Election Security Spotlight – Email Bombs

What is it

An email bomb is an attack against an email inbox or server designed to overwhelm an inbox or inhibit the server’s normal function, rendering it unresponsive, preventing email communications, degrading network performance, or causing downtime. The intensity of an email bomb can range from an inconvenience to a complete denial of service. Typically, these attacks persist for hours or until the targeted inbox or server implements a mitigation tactic to filter or block the attacking traffic. Such attacks can be carried out intentionally or unintentionally by a single actor, group of actors, or a botnet. There are five common email bomb techniques:

  1. Mass mailing – intentionally or unintentionally sending large quantities of random email traffic to targeted email addresses. This attack is often achieved using a botnet or malicious script, such as by the automated filling out of online forms with the target email inserted as the requesting/return address.
  2. List linking – signing targeted email addresses up for numerous email subscriptions, which indirectly flood the email addresses with subscribed content. Many subscription services do not ask for verification, but if they do these emails can be used as the attack emails. This type of attack is difficult to prevent because the traffic originates from multiple legitimate sources.
  3. ZIP bomb – sending very large compressed archive files to an email address, which when decompressed, consume available server resources to damage performance.
  4. Attachment – sending multiple emails with large attachments designed to overload the storage space on a server and cause the server to stop responding.
  5. Reply-all – responding “Reply All” to large dissemination lists instead of just to the original sender. This inundates inboxes with a cascade of emails, which are compounded by automated replies, such as out-of-office messages. These are often accidental in nature. This can also occur when a malicious actor spoofs an email address and the automatic replies are directed toward the spoofed address.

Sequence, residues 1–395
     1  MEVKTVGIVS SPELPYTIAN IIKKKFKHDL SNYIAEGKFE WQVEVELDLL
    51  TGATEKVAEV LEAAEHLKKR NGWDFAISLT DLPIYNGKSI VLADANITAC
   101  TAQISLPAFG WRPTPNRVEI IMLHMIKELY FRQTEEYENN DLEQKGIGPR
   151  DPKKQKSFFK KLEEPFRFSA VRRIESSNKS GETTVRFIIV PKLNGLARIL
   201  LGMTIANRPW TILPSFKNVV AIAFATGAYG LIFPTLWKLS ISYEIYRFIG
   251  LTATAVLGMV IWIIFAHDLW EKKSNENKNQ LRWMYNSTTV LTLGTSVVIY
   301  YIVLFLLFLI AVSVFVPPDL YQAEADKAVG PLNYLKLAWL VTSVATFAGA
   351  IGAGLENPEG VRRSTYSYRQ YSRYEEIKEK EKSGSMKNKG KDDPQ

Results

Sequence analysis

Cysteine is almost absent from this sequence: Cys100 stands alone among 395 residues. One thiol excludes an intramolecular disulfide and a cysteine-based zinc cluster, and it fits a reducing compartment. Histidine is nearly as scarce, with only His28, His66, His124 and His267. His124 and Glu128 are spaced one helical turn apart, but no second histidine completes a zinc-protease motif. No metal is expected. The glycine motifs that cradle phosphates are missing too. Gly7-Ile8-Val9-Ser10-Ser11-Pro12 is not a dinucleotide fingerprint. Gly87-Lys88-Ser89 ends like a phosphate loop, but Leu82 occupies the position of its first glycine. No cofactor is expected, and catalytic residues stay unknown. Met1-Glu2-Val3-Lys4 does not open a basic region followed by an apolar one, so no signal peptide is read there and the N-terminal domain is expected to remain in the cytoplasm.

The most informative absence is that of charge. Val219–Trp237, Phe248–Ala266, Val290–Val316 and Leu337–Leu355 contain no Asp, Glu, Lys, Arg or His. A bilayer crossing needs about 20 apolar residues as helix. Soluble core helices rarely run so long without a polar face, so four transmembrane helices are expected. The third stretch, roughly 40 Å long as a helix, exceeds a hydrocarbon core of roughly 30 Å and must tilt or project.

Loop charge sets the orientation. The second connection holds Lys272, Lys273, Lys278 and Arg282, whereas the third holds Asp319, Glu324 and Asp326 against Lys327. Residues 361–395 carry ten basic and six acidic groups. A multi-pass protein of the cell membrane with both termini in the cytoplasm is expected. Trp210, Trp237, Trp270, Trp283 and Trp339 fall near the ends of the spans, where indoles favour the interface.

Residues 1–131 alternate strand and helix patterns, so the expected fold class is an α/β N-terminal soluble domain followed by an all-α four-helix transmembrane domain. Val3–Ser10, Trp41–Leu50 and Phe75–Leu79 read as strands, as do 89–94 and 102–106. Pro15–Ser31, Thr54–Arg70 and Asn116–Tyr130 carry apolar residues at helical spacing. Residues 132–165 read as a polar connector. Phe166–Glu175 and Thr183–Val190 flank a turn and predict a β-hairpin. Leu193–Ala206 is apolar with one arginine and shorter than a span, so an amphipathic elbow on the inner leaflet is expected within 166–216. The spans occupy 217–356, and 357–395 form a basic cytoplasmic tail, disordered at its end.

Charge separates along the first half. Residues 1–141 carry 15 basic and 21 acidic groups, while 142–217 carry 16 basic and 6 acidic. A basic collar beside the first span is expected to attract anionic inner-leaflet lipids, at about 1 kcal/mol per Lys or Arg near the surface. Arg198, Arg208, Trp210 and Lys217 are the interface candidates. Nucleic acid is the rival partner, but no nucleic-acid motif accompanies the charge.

Why does it matter

Email bombs can create denial of service conditions that may impede election offices from conducting routine or election day activities. For example, a successful email bomb may inhibit election offices from accessing inboxes for citizen engagement, voter registration, or other services. The impact of such an attack is highly likely to compound if occurring around polling or registration dates. Additionally, cyber actors sometimes use email bomb attacks to mask other malicious activity, distract users, or prevent the regular flow of notifications associated with critical or abnormal account activity.

What you can do

Implement a policy that addresses user and technical processes for preventing and responding to email bombs. As a general rule of thumb, avoid using your work email to subscribe to non-work related services and limit online exposure of your direct email addresses. Instead use contact forms, which do not expose email addresses or generic email addresses (e.g. elections@your_agency) that can be adjusted when necessary. In the event your inbox is hit with an email bomb, avoid mass deleting emails. Instead use email rules to filter spam as this will prevent the accidental deletion of legitimate emails.


The EI-ISAC Cybersecurity Spotlight is a practical explanation of a common cybersecurity concept, event, or practice and its application to election infrastructure security. It is intended to provide EI-ISAC members with a working understanding of common technical topics in the cybersecurity industry. If you would like to request a specific term or practice that may be of interest to the election community, please contact [email protected].